Story by Trends Publishing
Photography by Martin van der Wal
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The adaptation of this nineteenth century railway building preserves its architectural heritage while creating attractive, rentable office space
The potential for conflict of interest between building owners and heritage planners is an ever-present issue. Most building owners want to maximise their investment, and feel heritage concerns may compromise this.
Architect John Crawford was asked to refit Bay 15, one of 16 bays that make up a collection of nineteenth century railway workshops.
"Our brief was to insert as much commercial office space as possible into this bay without compromising the heritage fabric of the building. This had to be done so the original structure and purpose of the building could still be appreciated," says Crawford.
Bay 15 is 100m long by 18m wide and enclosed by four brick walls. The two short walls have small windows, and skylights run the length of the roof. A central aisle, at a right angle across all bays in the building, had to be kept clear as it is part of the fire egress.
"Generally, the less you interfere with the heritage aspects of the building, the better, both for cost and to ensure the project goes smoothly," the architect says.
A steel frame, which carries the offices and circulation system, was designed to butt up to, but not touch, the old walls. Concrete floors were poured onto steel sheeting supported by the framework and steel columns.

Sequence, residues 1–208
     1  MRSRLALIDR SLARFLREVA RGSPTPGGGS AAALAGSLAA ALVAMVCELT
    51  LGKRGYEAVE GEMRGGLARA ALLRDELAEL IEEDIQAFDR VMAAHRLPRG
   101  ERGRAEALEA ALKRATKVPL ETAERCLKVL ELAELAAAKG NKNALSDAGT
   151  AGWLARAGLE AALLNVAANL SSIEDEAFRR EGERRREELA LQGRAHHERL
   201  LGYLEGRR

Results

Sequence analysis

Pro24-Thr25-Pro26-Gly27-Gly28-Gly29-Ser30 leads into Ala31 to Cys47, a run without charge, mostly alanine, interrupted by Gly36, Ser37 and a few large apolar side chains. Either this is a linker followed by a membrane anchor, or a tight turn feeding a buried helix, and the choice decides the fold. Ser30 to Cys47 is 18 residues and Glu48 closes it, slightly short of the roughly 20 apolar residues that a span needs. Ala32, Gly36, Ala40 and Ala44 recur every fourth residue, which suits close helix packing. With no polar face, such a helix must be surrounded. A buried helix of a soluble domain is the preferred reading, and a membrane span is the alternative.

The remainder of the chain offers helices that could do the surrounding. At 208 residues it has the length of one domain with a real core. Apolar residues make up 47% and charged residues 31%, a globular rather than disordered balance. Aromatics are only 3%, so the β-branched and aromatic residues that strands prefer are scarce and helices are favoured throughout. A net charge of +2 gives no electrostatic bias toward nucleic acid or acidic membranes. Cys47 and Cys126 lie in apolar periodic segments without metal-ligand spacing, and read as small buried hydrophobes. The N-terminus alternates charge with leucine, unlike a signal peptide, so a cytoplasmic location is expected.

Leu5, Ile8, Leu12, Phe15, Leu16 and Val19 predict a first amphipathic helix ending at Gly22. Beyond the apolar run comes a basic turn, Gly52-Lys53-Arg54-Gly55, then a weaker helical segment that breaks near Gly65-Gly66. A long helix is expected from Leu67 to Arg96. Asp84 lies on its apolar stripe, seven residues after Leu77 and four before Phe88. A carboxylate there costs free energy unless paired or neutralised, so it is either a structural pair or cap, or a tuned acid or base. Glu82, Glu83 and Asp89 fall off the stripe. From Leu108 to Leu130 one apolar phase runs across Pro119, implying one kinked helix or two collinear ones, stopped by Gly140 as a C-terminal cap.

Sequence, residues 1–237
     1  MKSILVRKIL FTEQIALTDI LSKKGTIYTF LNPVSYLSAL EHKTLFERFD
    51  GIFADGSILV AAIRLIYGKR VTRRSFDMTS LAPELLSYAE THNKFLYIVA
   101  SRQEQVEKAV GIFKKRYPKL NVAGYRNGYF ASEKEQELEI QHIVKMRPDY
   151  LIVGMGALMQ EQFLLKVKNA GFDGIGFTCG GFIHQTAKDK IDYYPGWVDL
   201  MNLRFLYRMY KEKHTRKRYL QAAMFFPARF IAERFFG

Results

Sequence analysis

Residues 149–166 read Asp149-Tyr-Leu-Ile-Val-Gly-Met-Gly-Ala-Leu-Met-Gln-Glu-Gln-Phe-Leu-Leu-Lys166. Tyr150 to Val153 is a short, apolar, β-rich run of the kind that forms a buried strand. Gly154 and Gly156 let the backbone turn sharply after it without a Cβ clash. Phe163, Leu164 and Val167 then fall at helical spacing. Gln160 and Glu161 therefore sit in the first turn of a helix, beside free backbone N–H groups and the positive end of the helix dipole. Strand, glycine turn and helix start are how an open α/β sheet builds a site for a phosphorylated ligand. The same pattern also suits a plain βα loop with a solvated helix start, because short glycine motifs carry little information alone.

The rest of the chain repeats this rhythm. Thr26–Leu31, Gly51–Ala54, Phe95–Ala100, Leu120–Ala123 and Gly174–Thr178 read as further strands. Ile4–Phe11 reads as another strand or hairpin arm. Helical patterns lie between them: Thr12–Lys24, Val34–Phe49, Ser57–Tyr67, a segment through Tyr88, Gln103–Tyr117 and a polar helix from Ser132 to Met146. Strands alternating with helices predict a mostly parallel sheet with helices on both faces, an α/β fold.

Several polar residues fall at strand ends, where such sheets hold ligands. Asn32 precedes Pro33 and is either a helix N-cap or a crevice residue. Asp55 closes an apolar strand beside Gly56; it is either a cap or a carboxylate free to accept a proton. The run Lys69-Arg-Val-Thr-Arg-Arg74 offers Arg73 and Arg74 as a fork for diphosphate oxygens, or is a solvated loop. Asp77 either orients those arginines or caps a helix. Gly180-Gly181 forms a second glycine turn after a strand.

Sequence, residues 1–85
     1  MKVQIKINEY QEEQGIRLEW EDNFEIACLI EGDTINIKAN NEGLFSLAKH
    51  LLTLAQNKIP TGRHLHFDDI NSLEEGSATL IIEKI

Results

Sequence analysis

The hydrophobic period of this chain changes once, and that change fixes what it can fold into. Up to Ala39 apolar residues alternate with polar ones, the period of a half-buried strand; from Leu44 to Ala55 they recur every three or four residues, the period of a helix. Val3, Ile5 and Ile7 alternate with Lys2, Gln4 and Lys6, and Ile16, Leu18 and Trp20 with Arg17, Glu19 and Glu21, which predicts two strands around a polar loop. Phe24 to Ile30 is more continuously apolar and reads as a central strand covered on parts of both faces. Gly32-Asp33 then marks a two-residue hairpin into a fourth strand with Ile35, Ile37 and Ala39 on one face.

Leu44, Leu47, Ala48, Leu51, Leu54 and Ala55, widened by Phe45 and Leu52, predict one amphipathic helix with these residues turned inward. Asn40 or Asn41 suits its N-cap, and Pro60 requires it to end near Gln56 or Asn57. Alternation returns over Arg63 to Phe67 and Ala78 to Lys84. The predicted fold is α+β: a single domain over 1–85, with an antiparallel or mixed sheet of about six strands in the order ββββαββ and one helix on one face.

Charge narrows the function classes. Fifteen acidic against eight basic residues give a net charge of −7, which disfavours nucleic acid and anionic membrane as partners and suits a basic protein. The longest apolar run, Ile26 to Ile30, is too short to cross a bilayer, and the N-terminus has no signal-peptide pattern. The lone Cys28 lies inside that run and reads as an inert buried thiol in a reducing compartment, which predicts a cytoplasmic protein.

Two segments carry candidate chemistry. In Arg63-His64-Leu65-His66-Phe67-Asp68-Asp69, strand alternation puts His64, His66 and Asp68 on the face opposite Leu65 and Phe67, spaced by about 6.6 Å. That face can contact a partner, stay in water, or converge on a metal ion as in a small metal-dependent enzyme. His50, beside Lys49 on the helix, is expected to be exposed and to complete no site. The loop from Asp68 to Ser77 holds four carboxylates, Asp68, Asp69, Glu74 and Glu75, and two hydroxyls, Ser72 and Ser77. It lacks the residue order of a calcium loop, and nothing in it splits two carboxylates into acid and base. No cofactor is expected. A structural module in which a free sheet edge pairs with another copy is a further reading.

This structure supports an S-curved circulation system of bridges running the length of the building. Three levels of offices are accessed by walkways and sets of stairs along the length of the building. A transparent lift at the central point provides disabled access.
"The S adds variety to the space – one long corridor running straight from end to end would have been very uninteresting. The S also allows you to see more of the original structure of the building, which is important from a heritage point of view, and allows people to interpret the form of the space," says Crawford.
Because of the curve, in some places the walkways run close to the original brick walls and wrought-iron trusses.
To add warmth and a tactile element, bridges and access stairways all have timber decks and handrails.
Each floor is stepped back from the next to allow maximum to penetrate through to the ground level from the roof panels. Fully glazed windows on the office walls facing the walkway create as open and light a feeling as possible and balance the heaviness of the old brick walls.
On the ground floor are displays of lathes, machinery and other pieces of equipment found on the site.
"These are in effect objects of art and they help remind occupants of the history of the building," says Crawford.
First published date: 23 August 2004
More news from Trends
|Location||Eveleigh Railway Workshops (Redfern NSW)|
|Architect||Crawford Architects (Pyrmont, NSW)|
|Structural engineer||Chapman Hutchinson|
|Mechanical, electrical and hydraulics engineering, fire services and lifts||George Floth Consulting Engineers|
|Cost planning||Rider Hunt Sydney|
|Building regulations||BCA Logic|
|Interior design||Geyer Design|
|Lift supplier||Otis Elevator Company|
|Ceiling panels||Perforated plywood panels|
|Stair treads, landings, handrail, level 3 walkway edge trim||Tasmanian oak|
|Aluminium window glazing||Grosvenor - Solutions in Glass|